Hi all. I’m hoping you can give me some input here. I have been using the paper towel/baggie method of germinating seeds. I’ve had a lot of problems with black mold this year - not on the paper towel, but on the seeds. I attribute this to not soaking long enough in H2O2 when preparing the seeds (5 minutes is just not enough!). Anyway, what’s done is done.
I’m still getting germinations though - not a huge amount, but enough to keep me happy. The problem is, when I transplant many (50%) of these split seeds from the paper towel into the soil (Scotts Seed Starting Mix), they never sprout, but rather rot in the seed mix. Sadly, I’ve lost all of my Lynn Anderson x Memorial Day seeds this way. It’s particularly sad since I probably had a 75% germination rate on this much anticipated cross! Since I’m doing all of this in the house, I’m reluctant to use Captan which has a Danger designation. Any input would be GREATLY appreciated. H202 seems to help a bit, but it seems, not enough to save most. Once they sprout, they’re fine and I don’t lose any to damping off.
Thanks for your help!
By the way, I used a r. Californica seedling for testing purposes, and it seems you can actually water these little guys with a 50% strength solution of H2O2 (3%) without apparent harm.
Here’s what works for me. The method is derived from info from the RHA & modifications to suit my conditions. I soak my seeds in water in a small container (recycled prescription container) with a splash of H2O2 for one or two days. You know if you’ve used too much H202 when it starts fizzing & the top blows off. Not to worry, it won’t harm the seeds.
I use the smaller snack baggies for stratification. Here’s how I prepare them. I rarely get mold. When mold happens,its white mold and I’ve discovered its because the seeds themselves have rotted.
I pierce each baggie all over with a pin. I fill it with a bit of pre-moistened coco fibre (the kind that comes in blocks) and then I throw in the seeds. You can also use peat moss, but I find this product is easier to use. The quantity of cocofiber or peat moss depends on the quantity of seeds. You need enough so that there’s not too much contact with the plastic bag. I write cross info with a permanent marker on wide masking tape and affix it to baggie. I make sure its large enough so I can add germinations dates or any other info at a later date.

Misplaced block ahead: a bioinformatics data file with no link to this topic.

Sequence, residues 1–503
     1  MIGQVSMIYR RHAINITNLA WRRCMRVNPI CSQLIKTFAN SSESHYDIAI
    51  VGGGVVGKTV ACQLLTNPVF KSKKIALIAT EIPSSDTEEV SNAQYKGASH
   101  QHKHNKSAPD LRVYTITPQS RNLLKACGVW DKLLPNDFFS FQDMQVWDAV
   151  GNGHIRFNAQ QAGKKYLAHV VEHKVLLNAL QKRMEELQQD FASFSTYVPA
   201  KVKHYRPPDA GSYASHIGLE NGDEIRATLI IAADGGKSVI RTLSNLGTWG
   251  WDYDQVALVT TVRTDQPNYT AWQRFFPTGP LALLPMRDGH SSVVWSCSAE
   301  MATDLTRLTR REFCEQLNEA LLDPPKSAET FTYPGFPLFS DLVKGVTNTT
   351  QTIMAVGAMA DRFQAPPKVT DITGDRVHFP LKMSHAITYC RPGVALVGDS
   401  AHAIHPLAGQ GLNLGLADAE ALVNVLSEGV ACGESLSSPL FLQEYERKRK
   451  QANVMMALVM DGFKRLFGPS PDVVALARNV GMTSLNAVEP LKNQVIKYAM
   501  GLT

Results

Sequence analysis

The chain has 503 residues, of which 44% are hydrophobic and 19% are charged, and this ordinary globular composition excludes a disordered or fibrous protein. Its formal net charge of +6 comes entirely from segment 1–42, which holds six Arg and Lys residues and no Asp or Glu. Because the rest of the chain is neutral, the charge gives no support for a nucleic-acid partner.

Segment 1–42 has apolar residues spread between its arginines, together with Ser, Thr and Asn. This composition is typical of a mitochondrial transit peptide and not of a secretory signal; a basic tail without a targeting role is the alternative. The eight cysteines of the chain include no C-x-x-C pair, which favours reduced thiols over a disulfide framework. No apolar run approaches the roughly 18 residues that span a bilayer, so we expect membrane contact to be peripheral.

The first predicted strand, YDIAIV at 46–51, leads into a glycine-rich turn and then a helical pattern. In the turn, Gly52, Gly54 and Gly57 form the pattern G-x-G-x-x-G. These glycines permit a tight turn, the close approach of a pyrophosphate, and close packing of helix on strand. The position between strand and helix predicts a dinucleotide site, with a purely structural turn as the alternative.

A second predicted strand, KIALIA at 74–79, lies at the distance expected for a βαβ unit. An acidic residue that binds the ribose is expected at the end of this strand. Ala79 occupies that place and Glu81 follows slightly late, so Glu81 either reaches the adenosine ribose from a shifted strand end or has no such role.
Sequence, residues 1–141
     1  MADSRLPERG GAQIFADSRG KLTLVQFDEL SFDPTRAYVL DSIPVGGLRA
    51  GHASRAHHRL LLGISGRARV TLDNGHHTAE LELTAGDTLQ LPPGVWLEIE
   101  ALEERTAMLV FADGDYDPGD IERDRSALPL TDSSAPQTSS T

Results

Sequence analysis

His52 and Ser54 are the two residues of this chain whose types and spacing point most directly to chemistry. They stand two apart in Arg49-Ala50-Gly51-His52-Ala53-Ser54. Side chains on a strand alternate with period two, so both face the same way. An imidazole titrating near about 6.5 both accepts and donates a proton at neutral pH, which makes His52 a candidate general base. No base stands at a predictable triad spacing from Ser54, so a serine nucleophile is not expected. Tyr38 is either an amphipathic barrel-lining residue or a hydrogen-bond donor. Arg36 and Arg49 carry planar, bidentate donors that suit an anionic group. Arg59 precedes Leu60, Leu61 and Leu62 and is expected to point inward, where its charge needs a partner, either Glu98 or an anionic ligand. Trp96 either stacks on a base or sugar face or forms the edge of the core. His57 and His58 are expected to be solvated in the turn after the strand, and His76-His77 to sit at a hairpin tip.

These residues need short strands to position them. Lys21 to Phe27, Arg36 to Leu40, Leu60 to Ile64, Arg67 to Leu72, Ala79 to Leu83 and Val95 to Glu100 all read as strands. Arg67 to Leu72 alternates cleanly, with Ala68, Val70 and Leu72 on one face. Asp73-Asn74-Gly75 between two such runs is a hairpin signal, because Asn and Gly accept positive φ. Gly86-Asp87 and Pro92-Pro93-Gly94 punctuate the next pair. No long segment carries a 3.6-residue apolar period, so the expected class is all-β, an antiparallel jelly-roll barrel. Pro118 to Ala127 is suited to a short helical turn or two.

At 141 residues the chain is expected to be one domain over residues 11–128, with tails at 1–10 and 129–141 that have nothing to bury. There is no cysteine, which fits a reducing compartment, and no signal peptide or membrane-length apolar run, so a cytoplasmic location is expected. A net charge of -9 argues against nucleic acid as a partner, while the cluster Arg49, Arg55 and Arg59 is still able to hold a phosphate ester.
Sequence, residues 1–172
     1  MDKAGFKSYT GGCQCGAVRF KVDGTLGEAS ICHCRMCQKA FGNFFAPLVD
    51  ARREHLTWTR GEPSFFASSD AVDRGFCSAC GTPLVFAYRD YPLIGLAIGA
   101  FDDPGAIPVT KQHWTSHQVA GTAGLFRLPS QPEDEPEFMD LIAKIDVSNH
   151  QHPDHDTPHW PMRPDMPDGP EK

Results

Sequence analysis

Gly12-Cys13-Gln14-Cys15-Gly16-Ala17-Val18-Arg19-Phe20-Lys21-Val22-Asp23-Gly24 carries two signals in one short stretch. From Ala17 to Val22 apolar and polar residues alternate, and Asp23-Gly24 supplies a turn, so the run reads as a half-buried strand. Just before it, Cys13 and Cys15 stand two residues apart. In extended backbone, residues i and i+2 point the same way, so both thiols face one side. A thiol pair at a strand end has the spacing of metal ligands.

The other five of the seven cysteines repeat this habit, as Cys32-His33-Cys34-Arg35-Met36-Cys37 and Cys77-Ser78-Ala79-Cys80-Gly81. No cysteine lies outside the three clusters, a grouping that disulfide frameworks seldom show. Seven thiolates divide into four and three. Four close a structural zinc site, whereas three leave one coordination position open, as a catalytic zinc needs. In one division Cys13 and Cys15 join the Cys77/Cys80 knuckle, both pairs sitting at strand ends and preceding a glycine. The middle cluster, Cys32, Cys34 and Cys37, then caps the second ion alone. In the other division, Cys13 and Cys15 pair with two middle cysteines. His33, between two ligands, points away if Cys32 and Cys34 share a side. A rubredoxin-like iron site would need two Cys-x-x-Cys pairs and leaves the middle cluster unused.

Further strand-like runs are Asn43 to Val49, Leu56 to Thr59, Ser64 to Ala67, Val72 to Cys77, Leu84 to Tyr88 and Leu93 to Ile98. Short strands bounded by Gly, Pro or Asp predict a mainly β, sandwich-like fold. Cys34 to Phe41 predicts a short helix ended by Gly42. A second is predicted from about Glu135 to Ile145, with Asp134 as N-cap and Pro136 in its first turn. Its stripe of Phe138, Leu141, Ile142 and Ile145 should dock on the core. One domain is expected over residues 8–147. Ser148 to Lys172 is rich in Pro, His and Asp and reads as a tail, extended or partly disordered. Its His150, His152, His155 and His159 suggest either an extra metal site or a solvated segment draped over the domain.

I put the baggies in an ordinary plastic bag & roll it up put it in the fridge until I need to check the seeds. If I discover that the cocofiber needs to be re-moistened, I use a hand sprayer to spray (water with some H202)only as much as needed. When you check for sprouts, all you have to do is tumble the seeds from side to side. They don’t stick to anything & they’re easy to remove either with your fingers or with tweezers. Bouncing them around doesn’t seem to hurt them. The sprouts are easy to see because they’re white.
Years ago, before I heard of the virtues of hydrogen peroxide, before plastic baggies were invented, I used to stratify seeds in peat moss in film canisters. Checking for sprouting was rather tedious, but I rarely encountered mold. I think there must be something in the properties of fibrous material that inhibits mold growth.
I only pot up seeds that have germinated & initially water with some peroxide in it.
Before planting seedlings that are germinating from moldy seeds, I soak them for a few minutes in H2O2 straight from the bottle. It seems to reduce the number of early seedlings deaths.
Sometimes seeds germinate but fail to develop. That is probably due to a genetic defect. It is more common with some parents than others.
Thanks both of you. I’ve been doing the quick soak before planting recently. Also, I just got a new batch of seeds and treated them with a serious cleaning AND a 24hr straight H2O2 soak. I do believe this was my problem. I’ll report back and let you know how it goes. Meanwhile, I’m curious - has anyone tried Neem Oil or Safer’s sulfur fungicide instead of Captan?